• A completed license application signed under the penalty of perjury;
  • An application and an investigation fee; and
  • A sample of the initial consumer debt validation letter required by 15 U.S.C. § 1692g that the licensee will use in correspondence with California consumers.

The DFPI has not yet released an application for this license. However, the Act authorizes the DFPI to require that applications be submitted through the NMLS.  We anticipate the DFPI will require that applications be submitted and processed through the NMLS.

Duties of Debt Collector Licensees

The Act imposes express duties on licensed debt collectors. Specifically, all licensed debt collectors must: (1) develop policies and procedures reasonably intended to promote compliance with the Act; (2) file any required reports with the Commissioner; (3) comply with the provisions of the Act and any regulation or order of the Commissioner; and (4) submit to periodic examination by the DFPI as required by the Act and any regulations promulgated thereunder.

Licensees must also maintain a surety bond in a minimum amount of $25,000.  The Commissioner is authorized to require licensees to submit bonds, riders, and endorsements electronically through the NMLS’s electronic surety bond function.

Additionally, each licensee will be required to pay an annual fee, representing the debt collector’s “pro rata share of all costs and expenses reasonably incurred in the administration of [the Act], as estimated by the commissioner, for the ensuing year and any deficit actually incurred or anticipated in the administration of [the Act] in the year in which the annual fee is levied.”

Licensees are also required to file an annual report with the Commissioner, on or before March 15, that contains all relevant information that the Commissioner reasonably requires concerning the business and operations conducted by the licensee in California during the preceding calendar year, including information regarding collection activity. The report must, at minimum, require disclosure of all of the following:

  • The total number of California debtor accounts purchased or collected on in the preceding year;
  • The total dollar amount of California debtor accounts purchased in the preceding year;
  • The face value dollar amount of California debtor accounts in the licensee’s portfolio in the preceding year;
  • The total dollar amount of California debtor accounts collected in the preceding year, and the total dollar amount of outstanding debt that remains uncollected;
  • The total dollar amount of net proceeds generated by California debtor accounts in the preceding year;
  • Whether or not the licensee is acting as a debt collector, debt buyer, or both; and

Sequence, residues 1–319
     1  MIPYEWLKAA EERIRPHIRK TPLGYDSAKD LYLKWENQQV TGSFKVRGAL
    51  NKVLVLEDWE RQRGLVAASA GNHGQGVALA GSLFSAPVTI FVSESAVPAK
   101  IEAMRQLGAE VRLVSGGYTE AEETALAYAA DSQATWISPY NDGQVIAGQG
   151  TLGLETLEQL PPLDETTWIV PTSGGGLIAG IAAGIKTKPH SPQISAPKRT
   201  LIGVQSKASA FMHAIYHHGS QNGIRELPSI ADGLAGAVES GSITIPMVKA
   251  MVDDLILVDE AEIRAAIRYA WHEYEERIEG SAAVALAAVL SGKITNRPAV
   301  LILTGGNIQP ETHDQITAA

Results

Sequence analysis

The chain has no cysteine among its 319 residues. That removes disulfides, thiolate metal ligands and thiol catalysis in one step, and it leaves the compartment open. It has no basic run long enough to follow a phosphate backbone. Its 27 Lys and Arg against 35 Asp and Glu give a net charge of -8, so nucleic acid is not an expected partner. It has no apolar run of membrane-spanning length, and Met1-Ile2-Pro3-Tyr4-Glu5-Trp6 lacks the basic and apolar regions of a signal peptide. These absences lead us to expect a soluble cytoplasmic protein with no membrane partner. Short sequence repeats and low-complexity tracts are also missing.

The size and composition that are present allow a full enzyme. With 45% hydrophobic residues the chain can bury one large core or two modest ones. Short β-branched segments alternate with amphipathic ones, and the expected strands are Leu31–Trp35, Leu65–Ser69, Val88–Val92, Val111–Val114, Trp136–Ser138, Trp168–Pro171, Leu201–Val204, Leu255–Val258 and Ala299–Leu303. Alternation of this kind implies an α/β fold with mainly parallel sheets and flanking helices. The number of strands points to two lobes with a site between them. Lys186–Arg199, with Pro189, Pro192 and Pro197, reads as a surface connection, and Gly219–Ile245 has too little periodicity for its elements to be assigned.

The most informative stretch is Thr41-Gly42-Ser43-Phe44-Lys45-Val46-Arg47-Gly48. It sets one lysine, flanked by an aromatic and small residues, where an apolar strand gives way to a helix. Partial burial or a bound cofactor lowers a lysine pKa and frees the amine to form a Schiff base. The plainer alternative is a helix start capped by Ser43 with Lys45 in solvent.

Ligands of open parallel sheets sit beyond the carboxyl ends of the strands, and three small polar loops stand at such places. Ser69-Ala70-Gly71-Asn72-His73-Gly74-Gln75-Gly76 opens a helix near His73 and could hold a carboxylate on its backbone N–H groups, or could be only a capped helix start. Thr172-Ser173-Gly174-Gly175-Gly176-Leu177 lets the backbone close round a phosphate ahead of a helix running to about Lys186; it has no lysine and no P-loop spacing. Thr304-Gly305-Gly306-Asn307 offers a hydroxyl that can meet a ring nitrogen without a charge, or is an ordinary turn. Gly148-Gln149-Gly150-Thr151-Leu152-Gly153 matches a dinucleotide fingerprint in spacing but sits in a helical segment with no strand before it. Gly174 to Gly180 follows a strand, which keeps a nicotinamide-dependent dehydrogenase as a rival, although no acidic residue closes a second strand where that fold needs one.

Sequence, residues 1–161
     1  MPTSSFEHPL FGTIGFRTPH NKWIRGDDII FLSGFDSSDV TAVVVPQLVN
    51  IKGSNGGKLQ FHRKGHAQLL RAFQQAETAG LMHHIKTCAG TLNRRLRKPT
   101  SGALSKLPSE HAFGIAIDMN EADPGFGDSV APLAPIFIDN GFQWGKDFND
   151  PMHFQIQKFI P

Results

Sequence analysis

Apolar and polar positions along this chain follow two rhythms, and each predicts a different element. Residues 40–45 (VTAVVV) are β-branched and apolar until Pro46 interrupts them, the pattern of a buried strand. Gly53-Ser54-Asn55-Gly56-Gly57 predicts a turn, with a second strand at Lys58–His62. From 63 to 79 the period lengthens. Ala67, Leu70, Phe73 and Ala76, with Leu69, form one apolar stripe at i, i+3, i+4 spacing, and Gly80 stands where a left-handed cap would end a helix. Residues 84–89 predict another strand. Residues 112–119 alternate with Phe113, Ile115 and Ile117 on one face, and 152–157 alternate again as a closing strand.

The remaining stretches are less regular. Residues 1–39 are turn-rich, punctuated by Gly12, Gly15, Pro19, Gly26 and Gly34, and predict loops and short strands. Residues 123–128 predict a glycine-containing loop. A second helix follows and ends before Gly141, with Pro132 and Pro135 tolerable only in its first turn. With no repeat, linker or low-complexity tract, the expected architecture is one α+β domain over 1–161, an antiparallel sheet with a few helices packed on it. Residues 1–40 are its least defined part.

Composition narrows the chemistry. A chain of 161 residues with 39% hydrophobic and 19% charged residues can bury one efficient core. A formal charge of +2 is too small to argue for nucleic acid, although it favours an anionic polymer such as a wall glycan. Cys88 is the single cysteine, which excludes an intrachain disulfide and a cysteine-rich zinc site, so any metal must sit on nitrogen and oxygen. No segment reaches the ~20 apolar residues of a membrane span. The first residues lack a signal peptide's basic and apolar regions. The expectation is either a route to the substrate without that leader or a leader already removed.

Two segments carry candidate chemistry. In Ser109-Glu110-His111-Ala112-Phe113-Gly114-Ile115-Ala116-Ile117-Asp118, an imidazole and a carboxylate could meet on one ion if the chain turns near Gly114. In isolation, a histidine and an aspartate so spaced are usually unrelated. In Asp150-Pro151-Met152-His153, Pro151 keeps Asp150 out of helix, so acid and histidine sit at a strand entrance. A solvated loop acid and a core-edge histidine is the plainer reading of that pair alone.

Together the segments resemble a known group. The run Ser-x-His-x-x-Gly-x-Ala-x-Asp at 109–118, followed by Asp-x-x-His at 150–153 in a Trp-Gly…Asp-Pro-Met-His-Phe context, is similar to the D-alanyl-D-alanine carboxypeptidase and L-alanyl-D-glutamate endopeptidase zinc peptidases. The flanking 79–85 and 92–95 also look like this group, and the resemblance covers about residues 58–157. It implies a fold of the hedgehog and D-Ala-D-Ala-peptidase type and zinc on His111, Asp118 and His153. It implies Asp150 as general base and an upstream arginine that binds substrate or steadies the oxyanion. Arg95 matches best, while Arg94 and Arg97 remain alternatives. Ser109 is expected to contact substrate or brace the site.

• The case number of any action in which the licensee was held liable by final judgment under the Rosenthal Act (Cal. Civ. Code §§ 1788 et seq.) or the California Fair Debt Buying Practices Act (Cal. Civ. Code §§ 1788.50 et seq.).

Notably, these individual annual reports will be made available to the public for inspection.

DFPI Authority Under the Act

As noted above, the Act grants the Commissioner with broad authority to administer the Act, through investigations and examinations, and to adopt rules and regulations consistent with that authority.

If the Commissioner determines that a person who is required to be licensed under the Act is engaged in business as a debt collector without a license, or a person or licensee has violated any provision of the Act, the Commissioner may, after notice and an opportunity for a hearing, order such person to (1) desist and refrain from engaging in the business of further continuing the violation, or (2) pay ancillary relief, which may include refunds, restitution, disgorgement, and payment of damages, as appropriate, on behalf of a person injured by the conduct or practice that constitutes the subject matter of the assessment.  In addition, the Commissioner has the authority to suspend or revoke licenses issued under the Act.


Effective January 1, 2022, California will require “debt collectors” engaged in the business of debt collection in the state to obtain a debt collection license.  The Act also authorizes the DFPI to enforce the provisions of the Rosenthal Act against “debt collectors,” which the Act defines consistent with the Rosenthal Act.

The Act should be of particular note for persons that service and collect on their own debt, as California joins a growing list of states that require a license for first-party collection activity.  Unlike other state debt collection laws, certain licensees in California may avail themselves of an exemption from the Act’s licensing obligation. Those currently acting as debt collectors in California that do not qualify for an exemption should closely monitor DFPI guidance for the release of application procedures.